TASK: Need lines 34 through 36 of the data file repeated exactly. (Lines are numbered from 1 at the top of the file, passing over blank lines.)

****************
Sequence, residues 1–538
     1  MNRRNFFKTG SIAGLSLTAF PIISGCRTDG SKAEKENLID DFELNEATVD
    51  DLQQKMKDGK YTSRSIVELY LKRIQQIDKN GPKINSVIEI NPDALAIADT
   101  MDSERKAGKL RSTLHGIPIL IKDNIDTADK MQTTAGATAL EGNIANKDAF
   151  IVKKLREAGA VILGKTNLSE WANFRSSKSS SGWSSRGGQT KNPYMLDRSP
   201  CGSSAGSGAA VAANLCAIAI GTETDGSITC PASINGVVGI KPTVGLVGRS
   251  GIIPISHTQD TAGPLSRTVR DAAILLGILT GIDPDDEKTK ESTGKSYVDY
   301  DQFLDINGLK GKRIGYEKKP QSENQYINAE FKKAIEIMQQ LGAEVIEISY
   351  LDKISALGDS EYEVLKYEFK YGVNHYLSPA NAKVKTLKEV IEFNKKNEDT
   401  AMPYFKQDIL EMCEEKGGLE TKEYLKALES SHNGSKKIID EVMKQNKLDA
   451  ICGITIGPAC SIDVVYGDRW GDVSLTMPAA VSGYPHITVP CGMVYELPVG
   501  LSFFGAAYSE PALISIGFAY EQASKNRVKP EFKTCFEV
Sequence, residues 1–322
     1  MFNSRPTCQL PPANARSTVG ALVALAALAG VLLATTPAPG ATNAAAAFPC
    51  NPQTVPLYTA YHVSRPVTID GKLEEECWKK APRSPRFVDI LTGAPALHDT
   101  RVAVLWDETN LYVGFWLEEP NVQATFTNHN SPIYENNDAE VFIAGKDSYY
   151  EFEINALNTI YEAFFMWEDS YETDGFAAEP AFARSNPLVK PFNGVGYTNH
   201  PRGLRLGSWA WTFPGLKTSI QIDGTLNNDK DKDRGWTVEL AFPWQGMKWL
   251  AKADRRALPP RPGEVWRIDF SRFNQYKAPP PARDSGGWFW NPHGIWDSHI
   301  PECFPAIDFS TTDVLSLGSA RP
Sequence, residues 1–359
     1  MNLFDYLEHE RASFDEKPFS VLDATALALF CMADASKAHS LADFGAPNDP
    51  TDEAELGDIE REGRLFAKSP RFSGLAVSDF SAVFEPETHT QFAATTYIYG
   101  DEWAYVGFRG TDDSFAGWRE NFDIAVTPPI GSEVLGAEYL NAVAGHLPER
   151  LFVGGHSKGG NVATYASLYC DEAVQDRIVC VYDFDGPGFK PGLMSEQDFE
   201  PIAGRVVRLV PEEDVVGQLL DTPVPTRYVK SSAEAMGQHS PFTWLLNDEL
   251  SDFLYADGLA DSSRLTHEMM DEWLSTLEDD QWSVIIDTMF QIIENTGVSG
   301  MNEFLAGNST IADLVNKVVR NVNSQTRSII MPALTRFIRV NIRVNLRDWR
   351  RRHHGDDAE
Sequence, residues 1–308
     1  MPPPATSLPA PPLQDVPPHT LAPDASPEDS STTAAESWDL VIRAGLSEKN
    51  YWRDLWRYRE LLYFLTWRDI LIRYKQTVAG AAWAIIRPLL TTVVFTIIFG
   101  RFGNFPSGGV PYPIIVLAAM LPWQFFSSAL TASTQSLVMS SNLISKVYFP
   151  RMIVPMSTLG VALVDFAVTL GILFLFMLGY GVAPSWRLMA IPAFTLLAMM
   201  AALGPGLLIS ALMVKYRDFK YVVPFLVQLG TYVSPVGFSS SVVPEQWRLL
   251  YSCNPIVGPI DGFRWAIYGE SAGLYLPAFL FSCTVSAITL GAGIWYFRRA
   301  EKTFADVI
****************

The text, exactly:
   151  RMIVPMSTLG VALVDFAVTL GILFLFMLGY GVAPSWRLMA IPAFTLLAMM
   201  AALGPGLLIS ALMVKYRDFK YVVPFLVQLG TYVSPVGFSS SVVPEQWRLL
   251  YSCNPIVGPI DGFRWAIYGE SAGLYLPAFL FSCTVSAITL GAGIWYFRRA